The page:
The book highlights climate change and the sea levels rising and the hardships humans and animals have. The book also shows the natural world in action in all its magnificence and also the life and death within it and that concern animals have that their prey may capture them that day. The book also shows heirarchy in animals and Wildeness being at the top.

The Wild Before is like today’s Animal’s of Farthing Wood and Watership Down. It fits very well with these books in its themes and desire to read about the natural world and to care about it. It may be an emotional read for children, but one that they’ll find compelling to say the least.
It has, amongst the adventure and all the dangers, an important message to convey to readers too.
Classes in schools are already reading this. There’s much to read and discuss, but in saying that, it can also be read for pleasure at home too as middle grade readers will like being swept up in the storytelling and the adventure of it all.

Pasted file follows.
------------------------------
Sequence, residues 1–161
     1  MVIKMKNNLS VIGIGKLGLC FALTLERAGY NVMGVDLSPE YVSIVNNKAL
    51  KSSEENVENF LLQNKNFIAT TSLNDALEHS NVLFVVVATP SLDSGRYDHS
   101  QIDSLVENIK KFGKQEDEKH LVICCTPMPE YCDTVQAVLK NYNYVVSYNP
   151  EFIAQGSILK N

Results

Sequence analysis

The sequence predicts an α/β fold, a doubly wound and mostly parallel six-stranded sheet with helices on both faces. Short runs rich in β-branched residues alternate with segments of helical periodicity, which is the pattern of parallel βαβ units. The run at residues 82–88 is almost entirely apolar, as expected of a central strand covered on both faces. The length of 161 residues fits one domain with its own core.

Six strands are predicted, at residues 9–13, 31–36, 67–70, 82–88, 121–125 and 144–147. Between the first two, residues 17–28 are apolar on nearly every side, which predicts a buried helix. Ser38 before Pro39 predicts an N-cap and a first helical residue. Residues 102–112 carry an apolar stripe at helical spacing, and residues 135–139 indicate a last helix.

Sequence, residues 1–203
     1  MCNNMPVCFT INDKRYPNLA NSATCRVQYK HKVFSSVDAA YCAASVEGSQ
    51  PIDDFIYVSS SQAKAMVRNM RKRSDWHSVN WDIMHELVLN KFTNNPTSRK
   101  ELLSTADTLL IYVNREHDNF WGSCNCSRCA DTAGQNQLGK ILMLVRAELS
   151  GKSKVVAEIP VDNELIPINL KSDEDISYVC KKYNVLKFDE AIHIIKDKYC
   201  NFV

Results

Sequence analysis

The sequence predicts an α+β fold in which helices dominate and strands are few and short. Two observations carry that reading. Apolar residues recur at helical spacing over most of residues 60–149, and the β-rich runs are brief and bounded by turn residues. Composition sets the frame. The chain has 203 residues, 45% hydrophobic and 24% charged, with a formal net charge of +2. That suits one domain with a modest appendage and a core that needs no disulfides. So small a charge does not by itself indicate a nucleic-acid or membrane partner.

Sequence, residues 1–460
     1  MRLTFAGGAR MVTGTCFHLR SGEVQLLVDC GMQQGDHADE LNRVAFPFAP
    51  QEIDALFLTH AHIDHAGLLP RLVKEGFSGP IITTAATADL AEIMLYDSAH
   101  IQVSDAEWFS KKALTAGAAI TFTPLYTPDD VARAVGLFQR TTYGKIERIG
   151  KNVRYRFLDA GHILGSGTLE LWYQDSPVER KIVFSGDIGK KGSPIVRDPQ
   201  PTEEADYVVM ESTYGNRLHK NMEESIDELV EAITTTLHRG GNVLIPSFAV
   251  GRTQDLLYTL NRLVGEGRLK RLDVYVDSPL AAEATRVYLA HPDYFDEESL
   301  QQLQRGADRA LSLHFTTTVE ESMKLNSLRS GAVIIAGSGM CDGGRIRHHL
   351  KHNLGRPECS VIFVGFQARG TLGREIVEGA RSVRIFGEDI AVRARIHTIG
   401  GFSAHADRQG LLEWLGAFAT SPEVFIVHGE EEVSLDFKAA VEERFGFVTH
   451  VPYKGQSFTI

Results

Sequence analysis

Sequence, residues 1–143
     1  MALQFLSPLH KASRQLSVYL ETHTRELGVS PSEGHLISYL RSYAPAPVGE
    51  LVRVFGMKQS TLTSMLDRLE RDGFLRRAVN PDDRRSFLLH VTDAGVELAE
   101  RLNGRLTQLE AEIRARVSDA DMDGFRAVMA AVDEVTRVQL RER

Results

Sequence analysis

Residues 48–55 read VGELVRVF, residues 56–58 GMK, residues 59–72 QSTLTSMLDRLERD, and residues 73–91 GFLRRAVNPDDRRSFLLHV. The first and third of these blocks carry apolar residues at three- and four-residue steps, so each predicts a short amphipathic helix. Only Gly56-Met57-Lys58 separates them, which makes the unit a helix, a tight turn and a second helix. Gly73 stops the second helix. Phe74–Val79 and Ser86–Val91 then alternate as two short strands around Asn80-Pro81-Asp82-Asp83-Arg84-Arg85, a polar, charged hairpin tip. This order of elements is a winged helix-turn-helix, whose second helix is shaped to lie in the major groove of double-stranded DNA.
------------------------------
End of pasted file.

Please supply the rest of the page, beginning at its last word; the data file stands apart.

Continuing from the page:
#BookReview by Lou of Peanut Jones and the Illustrated City: from the creator of Draw with Rob by Rob Biddulph @RobBiddulph @MacmillanKidsUK #MiddleGrade aged 8 plus #ChildrensBook

Peanut Jones and the Illustrated City: from the creator of Draw with Rob
By Rob Biddulph

 

Imaginative and entertaining with absolutely amazing illustrations that will blow you away a wonderful story to boot. Children aged 8 plus are sure to love this.
Discover more in the blurb and my review. Thanks also to the publisher – MacMillan Children’s Books for allowing me to review.

Peanut Jones Illustrated City

Blurb

Peanut Jones Illustrated CitySuperstar, author and illustrator Rob Biddulph dazzles in Peanut Jones and the Illustrated City, the first title in an adventure series for boys and girls of 8+. Fizzing with magic, danger, friendship and art, this exciting, funny, middle-grade debut is from the bestselling creative genius behind #DrawWithRob.

Some legends are born, some are drawn . . .